Pete Whittaker: Winter Climbing?
Standing at the bar at Kendal Mountain Film Festival, Matt Helliker leaned over and asked,
‘So... do you fancy some winter climbing mate?’
Now I always thought winter climbing, and especially Scottish winter, was for grizzly old men with big, rough, grey beards and thick skin which reverberated the cold. My skin seemed too soft, I was still in my twenties so felt a little too young and having huge amounts of trouble growing anything you might describe as facial hair, I thought this style of climbing was a total write off for me.
But then I looked Matt up and down and he didn’t seem to quite fit the Winter climber I had envisaged, so in a moment of madness my reply was simply,
When I commit to something, its either all in or all out. So, having committed I now seemed to be all in, without fully understand what I was committing to.
No time was wasted and a miss match of axes, crampons, winter boots and make shift leashes were assembled and I made the 7-hour drive North to meet Matt in Scotland a few weeks later to shove, twist and torque my tools in cracks in many weird and wonderful ways, I’d yet to wear a crampon or hold an axe in anywhere other than my own kitchen, but Matt didn’t seemed phased that I didn’t have a clue what I was doing.
The deal was, to start with I would just second, to get a feel for what on earth was going on. ‘Central Grooves’ in Glen Coe was our first route and Matt seemed to hook and float like it was a total doddle. I got on it and realised that this was in fact because he’s really good, and when his calls of ‘hows it going down there’ echoed down from his belay stance to me, I just replied confidently with ‘yeh yeh all good mate’, so he wouldn’t notice that I was having a total mare.
Our second route was Strident Edge on The Ben, another VII 7, but I had a feel for the axes now and things seemed to go a little more smoothly and I topped out the easy scrambling ground of the buttress but this time with the ropes trailing behind me. I’d had hot aches multiple times, got really cold on hour long belays, but after two days of winter climbing I was hooked and excited to be learning a new skill. More was to be had.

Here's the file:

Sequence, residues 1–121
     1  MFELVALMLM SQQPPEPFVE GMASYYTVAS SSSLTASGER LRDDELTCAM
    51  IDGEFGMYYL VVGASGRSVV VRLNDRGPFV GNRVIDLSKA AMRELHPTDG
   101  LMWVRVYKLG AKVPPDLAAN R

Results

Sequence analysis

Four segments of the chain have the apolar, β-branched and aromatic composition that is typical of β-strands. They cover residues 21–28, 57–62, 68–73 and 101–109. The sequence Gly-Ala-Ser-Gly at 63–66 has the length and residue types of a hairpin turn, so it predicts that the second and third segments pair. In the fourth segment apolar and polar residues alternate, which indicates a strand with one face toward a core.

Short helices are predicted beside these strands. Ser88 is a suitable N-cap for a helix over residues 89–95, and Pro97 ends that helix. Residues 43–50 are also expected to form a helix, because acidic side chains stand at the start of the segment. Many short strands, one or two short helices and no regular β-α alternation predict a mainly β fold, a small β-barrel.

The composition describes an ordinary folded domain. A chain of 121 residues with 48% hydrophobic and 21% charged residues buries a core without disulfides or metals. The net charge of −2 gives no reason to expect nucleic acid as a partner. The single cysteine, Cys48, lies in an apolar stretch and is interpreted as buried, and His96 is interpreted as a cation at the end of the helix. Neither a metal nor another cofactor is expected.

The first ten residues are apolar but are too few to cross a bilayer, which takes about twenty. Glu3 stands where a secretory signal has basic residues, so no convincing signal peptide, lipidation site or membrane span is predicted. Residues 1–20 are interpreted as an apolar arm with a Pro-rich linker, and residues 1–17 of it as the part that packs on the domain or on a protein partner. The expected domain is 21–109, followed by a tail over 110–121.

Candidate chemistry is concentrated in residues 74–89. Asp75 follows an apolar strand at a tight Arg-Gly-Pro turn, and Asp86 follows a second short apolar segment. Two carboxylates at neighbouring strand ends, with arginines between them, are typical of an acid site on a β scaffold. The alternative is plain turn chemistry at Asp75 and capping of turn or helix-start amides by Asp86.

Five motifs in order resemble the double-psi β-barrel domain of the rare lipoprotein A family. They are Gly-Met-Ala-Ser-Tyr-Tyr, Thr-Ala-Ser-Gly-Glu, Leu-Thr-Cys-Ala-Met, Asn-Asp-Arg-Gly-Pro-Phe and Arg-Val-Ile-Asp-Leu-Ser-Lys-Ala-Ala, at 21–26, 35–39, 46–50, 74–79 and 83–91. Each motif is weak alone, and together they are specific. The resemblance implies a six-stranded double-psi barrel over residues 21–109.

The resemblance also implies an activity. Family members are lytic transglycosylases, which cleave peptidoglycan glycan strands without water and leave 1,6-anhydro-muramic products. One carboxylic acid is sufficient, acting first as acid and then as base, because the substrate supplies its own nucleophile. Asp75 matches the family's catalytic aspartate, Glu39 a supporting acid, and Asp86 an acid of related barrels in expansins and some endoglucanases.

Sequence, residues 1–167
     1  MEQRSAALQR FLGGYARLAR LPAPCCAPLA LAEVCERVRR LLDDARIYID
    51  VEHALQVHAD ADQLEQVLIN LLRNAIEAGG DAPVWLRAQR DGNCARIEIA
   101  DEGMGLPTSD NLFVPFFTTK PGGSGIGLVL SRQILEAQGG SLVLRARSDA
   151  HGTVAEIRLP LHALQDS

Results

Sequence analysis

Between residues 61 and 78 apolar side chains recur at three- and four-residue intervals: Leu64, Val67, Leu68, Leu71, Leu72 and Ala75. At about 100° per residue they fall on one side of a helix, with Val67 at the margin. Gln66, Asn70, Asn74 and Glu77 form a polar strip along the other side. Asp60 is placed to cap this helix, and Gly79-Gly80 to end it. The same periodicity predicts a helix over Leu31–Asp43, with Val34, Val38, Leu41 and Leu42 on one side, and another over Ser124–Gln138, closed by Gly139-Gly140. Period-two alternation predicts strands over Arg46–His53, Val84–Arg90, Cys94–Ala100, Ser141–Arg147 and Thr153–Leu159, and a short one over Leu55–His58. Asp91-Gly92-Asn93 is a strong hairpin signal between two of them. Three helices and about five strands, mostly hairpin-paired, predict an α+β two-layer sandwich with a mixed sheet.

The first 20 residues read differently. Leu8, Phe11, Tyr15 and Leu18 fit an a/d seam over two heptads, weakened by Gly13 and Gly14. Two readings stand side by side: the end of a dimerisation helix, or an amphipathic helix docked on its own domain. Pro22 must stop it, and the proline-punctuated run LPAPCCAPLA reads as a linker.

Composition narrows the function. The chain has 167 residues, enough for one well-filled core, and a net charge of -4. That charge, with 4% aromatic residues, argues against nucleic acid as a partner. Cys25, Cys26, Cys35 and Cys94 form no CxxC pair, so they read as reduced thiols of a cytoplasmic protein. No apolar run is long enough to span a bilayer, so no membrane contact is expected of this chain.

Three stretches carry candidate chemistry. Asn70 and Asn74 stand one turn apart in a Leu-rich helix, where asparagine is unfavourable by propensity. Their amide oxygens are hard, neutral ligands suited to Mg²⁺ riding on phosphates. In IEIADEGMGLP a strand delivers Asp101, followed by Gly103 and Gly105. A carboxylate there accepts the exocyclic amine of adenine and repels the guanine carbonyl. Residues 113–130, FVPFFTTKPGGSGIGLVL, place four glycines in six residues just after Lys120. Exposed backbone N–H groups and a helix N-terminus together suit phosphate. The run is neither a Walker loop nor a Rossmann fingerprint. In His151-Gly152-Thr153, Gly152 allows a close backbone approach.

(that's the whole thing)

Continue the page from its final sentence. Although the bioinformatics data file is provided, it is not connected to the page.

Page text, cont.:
My next trip, Matt was really ramping it up, no more grade VII 7’s.
‘What’s on the cards for today?’ I asked.
‘Churchdoor Angels.’ He replied.
‘How hard is that?’ I wondered.
‘An unrepeated VIII 9.’ He stated.
'Shit’ I thought.
The first pitch went with relative ease, but then the second I knew was going to be a battle as it was the first time I’d seen Matt look like he was putting some effort in.
I inched my way up the corner system and adopted a hideous layback technique cranking off my axes sideways and smearing my crampons against the corner.
‘Arh this is desperate Matt’ I shouted up
‘Remember about the frozen moss on the right wall for your foot’ he called.
I stabbed my right foot out and got established for the finishing moves of the pitch, but not quite completing it before my frozen moss blew off the wall and I weighted the rope for the first time. I was pissed off the moss had blown on me, so I lowered back down to a resting ledge at half height and re-climbed the final part again in a oner. insanely pumped at the top I was pleased to manage it on my second try. Abseiling back down to the ground, we spied an unclimbed splitter crack in a blank face. How has that not been climbed? we mused with each other, and swiftly came to the conclusion we must be the first.
Two days later we were back. Myself, Matt and now Nick Bullock. I felt like such a punter new routing in a team with Matt and Nick (two of the best winter climbers around), but I was keen to put in my pennies worth on this route and do a proper pitch of leading. They recommended the starting pitch for me as it followed a hand width crack. Perfect.
Half way up the pitch, desperation set it, axes went firmly over the shoulder and I resorted to jamming my gloved mitts inside the crack. As I sunk my hand into three or four consecutive hand and fist jams, I prayed Nick and Matt hadn’t noticed me cheating and revelled in the fact that the cold and icy jams felt pleasurable compared to hanging onto the handle of my torqued axe. Well its called mixed climbing for a reason right? ;)
I had a little ‘moment’ when I stepped left to get to the belay stance, but all seemed to go well and I felt pleased to have forged new ground on my first proper winter lead.
Matt crushed the second (crux) pitch, which ended up being a technical VII 8, and I heard laughter from above as I now tried to finger jam in the middle of the crux. Realising I wasn’t going to ‘mix’ my way around these moves, the axe layback came out and again I was pleased to follow without a fall.
Nick then forged his way to the top on a final long pitch, in what looked like a very Bullock(esque) style.
‘Ahh that cam is a bit shit. There’s not really much else. ahh its a bit strenuous here. I’ll have a look anyway.’
After a showering of snow and moss, he reached the top and me and Matt followed, topping out (on 'Dark Angel') just as the light faded.
4 perfect days of Scottish Winter, I couldn’t have asked for a better introduction. I’m ready to suffer now.
Originally posted on Pete Whittaker's Facebook page.
Photo credits: Helliker/Whittaker collection (c)